But the obverse of this coin is that save-anywhere makes games shorter - and it would have made Out of This World a LOT shorter. Couple this with the fact that games are getting harder and harder to make as the 3D becomes more detailed (see Jason Rubin's excellent GDC talk on this subject at http://www.gamasutra.com/features/20030409/rubin_01.shtml ) and you start getting games like Fable that only have about eight to twelve hours of custom content in them and extend their playtime by giving you some sandbox stuff to play with as well. Is this enough for gamers?

Mike Hommel

Yes, I hated Oddworld even though everybody else loved it. It was just pure, continuous, punishment!

(And I still remember a non-geeky friend who never played games saying "that game looks cool!" based on the commercial... which like most video game commercials showed ZERO SECONDS of gameplay, just a whole bunch of cutscenes)

Paul Du Bois

Perhaps you've seen this, but Idle Thumbs recently did an interview with Eric Chahi: http://idlethumbs.net/display.php?id=44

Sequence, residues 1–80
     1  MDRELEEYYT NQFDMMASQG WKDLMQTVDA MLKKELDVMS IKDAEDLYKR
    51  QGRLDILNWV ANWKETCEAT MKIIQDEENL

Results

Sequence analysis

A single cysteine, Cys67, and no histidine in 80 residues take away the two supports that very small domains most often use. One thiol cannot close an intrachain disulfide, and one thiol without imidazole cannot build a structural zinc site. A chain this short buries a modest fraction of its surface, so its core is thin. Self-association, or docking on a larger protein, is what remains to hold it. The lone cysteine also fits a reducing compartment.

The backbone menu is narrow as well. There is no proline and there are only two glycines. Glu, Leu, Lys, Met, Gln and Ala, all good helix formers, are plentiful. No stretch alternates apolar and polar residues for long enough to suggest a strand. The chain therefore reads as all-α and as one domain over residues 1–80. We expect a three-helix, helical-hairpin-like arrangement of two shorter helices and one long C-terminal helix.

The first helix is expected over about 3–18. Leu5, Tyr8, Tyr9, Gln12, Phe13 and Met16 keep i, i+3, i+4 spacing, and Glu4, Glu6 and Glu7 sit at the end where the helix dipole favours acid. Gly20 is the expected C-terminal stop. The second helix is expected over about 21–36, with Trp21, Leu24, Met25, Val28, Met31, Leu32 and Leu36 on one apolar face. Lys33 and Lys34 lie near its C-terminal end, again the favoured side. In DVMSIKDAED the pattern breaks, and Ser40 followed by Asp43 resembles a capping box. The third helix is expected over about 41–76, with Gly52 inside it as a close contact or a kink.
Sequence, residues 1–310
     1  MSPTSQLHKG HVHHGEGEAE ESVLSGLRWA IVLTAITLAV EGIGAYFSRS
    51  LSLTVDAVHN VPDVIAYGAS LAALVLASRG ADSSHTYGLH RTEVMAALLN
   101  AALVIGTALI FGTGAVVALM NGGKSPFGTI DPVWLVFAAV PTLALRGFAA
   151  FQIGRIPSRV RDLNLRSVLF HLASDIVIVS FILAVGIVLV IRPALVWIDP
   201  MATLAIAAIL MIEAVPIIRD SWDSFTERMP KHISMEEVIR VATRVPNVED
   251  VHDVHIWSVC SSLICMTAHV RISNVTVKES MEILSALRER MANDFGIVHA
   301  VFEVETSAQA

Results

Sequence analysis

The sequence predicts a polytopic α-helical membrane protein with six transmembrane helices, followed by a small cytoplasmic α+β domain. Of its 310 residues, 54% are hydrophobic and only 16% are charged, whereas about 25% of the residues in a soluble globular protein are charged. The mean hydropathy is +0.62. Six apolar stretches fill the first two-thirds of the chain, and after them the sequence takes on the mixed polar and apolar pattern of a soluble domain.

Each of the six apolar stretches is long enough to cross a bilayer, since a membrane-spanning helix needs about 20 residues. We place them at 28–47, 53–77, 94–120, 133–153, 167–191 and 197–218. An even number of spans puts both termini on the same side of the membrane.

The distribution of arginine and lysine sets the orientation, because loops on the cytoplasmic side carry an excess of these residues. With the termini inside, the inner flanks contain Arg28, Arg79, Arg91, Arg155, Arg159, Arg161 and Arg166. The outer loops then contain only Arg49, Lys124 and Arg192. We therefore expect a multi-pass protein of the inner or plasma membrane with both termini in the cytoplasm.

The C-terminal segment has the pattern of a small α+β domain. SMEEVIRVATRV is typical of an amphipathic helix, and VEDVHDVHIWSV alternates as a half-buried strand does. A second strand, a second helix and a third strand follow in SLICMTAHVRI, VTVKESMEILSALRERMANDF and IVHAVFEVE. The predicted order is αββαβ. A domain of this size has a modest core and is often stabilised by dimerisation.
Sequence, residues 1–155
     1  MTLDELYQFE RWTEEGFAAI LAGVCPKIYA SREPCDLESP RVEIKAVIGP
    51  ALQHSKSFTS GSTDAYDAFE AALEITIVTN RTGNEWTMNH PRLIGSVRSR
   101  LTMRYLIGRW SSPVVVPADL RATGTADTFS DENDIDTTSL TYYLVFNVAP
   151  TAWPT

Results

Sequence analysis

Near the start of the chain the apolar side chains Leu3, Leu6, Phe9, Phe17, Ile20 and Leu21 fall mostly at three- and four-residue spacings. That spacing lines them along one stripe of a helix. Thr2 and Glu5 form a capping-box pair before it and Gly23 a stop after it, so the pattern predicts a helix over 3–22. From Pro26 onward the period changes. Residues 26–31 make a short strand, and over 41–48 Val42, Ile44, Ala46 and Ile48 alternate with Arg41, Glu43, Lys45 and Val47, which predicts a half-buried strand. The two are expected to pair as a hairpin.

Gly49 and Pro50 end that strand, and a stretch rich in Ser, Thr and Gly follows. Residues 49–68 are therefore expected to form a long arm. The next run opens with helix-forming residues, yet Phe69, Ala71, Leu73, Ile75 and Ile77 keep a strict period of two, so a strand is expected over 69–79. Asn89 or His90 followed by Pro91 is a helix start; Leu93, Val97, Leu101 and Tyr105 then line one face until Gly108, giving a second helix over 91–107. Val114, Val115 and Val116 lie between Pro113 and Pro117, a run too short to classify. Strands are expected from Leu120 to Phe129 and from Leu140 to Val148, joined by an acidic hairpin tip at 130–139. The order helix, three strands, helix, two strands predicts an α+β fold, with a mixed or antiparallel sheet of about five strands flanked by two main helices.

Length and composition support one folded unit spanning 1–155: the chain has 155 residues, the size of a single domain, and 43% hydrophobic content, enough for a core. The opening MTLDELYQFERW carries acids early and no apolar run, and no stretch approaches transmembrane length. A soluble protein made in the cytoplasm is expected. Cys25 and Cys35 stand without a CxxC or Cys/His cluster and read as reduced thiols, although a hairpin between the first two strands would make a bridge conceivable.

Gideon S

I player through some of Out Of this World but absolutely hated the difficulty. I am not hard core in the sense that at the first sign of difficulty I run to gamefaqs or web boards and if that doesn't solve the problem I quit playing. Fable, imho, is perfect in the sense that the difficulty level is fun but I never get stuck. I also get to fart around and laugh at inane stuff like farting in public. Oddworld, as was mentioned, Out Of this World and Jak 3 are games that I want to like but I play games to have fun, not work through some child hood trauma ( ;-) )


"if you have a few moments in your game that are awesome, players will forget that most of the game was a slog."

GAH. That's exactly the wrong lesson to take from the game in question.

"Out of This World is very unsystemic, most screens have unique elements and gameplay... Flashback is a longer game: it could afford to be. But Out of This World is the classic. So: systemic design isn't necessarily 100% good."

Stop conflating systemic designs with repetition. Systemic just means that mechanics are self-consistent, instead of constantly rewriting or introducing rules.